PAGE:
The makeover sequence is a highlight - - - McKean in full-on auteur mode unhinging from the anorexic story boxing his possibilities. Mckean unhinged is always a highlight. Also the point where the voices guiding him - - - Jan Svankmajer, the Brothers Quay , Jeunett-Caro, F.W.Murnau, Hayao Miyazaki - - - achieve total osmosis and invisibility. Also the point where it becomes apparent that scorer Iain Bellamy is the endeavor’s twin engine. The fairy tale’s immaterial ,of course - - - clunky like orthopedic shoes and you could see where it comes from and where it’ll go, unique only to the tragically shortsighted and pigheaded faithful. But the trouble McKean has in making the characters summon up something more resonant than leftover angst reheated is offset by the dense , intoxicating siege of imagery - - - orbiting giants, attacking sphinxes , riddling dog, temperamental books, traffic of fishes - - - he teases out of the little he has to work with. The emotional pay-off may be a mere awe for the cosmetic. But the cosmetic here runs poetic and deep. * * *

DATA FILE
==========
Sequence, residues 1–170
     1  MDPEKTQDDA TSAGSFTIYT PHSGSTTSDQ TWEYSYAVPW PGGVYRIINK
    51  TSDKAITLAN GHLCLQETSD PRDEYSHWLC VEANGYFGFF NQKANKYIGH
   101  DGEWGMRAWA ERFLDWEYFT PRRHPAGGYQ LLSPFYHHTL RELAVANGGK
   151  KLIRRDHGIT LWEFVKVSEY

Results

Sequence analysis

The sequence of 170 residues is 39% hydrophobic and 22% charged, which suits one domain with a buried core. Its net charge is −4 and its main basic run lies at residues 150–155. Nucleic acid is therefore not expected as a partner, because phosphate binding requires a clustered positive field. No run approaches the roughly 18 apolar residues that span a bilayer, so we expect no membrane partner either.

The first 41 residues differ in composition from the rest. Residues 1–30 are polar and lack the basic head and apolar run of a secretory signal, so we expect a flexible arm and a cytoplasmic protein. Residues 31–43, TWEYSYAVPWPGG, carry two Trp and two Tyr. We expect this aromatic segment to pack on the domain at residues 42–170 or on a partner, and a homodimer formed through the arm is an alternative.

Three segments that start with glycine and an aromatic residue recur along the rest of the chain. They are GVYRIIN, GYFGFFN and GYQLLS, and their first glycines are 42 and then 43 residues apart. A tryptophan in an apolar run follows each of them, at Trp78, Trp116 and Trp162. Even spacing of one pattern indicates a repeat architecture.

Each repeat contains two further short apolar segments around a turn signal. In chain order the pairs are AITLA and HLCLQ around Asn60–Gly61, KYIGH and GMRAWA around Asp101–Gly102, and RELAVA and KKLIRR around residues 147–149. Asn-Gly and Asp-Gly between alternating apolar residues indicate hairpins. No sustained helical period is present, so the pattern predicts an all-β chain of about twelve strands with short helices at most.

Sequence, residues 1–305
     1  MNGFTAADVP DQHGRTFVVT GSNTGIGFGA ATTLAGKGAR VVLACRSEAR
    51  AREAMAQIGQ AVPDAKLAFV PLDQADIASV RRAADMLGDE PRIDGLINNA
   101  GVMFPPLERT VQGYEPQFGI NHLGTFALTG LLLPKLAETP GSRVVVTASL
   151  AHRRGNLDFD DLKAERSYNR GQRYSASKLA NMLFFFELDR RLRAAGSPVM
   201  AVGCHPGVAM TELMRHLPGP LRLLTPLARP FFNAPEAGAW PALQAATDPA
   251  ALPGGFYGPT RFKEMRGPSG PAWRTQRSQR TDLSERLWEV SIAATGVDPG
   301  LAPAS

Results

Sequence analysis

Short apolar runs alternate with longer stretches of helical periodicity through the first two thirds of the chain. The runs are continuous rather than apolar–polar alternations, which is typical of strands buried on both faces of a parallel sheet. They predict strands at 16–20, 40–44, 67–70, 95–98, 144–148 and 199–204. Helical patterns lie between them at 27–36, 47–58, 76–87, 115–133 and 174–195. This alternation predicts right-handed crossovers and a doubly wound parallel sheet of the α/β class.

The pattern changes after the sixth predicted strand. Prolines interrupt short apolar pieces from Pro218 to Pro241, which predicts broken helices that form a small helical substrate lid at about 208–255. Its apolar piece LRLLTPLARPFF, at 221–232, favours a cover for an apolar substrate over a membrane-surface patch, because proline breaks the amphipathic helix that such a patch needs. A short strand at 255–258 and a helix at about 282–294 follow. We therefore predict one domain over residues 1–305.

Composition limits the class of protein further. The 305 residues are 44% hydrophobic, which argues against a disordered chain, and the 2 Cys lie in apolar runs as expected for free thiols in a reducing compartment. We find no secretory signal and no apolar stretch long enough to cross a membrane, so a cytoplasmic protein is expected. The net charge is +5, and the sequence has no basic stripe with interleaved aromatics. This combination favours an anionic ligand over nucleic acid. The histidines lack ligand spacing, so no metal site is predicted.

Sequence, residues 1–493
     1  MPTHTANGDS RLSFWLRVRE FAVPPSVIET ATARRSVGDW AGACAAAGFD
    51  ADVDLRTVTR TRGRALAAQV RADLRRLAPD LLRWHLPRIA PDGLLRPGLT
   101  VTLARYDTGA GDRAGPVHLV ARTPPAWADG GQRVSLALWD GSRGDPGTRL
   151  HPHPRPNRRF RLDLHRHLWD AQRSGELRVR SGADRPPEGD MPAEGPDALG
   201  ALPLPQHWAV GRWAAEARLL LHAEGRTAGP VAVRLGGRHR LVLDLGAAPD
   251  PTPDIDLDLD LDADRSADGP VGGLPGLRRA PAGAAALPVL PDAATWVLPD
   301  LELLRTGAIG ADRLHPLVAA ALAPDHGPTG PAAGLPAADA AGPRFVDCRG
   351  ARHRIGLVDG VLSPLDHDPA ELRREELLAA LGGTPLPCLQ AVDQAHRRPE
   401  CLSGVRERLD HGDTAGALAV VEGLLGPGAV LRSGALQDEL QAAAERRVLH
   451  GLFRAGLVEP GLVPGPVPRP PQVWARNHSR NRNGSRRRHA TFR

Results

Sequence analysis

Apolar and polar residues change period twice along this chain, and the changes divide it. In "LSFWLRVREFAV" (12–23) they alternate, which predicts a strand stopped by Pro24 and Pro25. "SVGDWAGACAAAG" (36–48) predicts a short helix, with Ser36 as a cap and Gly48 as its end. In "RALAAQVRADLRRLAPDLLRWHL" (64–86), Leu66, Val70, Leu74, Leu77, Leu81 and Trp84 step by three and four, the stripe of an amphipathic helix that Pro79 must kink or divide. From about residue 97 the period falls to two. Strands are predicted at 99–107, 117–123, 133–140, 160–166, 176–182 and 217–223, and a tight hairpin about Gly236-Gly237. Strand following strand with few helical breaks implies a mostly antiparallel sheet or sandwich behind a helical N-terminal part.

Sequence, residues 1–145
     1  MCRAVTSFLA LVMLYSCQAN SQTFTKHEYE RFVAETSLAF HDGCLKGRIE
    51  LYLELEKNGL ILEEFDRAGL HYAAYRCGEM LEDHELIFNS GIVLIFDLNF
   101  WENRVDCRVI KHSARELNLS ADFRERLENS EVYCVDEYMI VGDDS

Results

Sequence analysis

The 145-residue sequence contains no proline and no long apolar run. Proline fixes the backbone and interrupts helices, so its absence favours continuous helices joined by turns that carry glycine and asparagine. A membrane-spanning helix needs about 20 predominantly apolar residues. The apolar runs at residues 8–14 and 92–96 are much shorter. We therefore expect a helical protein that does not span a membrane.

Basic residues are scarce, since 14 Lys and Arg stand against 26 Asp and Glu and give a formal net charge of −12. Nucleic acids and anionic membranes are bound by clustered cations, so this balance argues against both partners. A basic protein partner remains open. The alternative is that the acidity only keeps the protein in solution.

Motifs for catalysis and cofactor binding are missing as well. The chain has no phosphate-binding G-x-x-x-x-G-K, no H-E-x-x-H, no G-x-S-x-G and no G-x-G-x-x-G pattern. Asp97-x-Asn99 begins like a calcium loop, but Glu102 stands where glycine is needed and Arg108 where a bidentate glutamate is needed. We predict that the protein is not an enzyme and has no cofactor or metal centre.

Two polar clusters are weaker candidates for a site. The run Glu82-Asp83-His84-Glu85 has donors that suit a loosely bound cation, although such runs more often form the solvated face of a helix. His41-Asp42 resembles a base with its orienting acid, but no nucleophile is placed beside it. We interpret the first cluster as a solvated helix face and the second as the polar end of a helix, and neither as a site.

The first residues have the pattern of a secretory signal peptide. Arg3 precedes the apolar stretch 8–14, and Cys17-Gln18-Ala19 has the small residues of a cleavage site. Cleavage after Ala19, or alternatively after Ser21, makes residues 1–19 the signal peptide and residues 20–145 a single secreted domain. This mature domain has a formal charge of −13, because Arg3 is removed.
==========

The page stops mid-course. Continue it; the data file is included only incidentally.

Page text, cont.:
Friday, September 22, 2006
Which Lost Character are You?
You're Hurley! You have a great sense of humor and are always looking for the fun in things. On of your favorite pastimes is golf.
Take this quiz!
Heh. And the quiz didn't even ask if I was fat or not.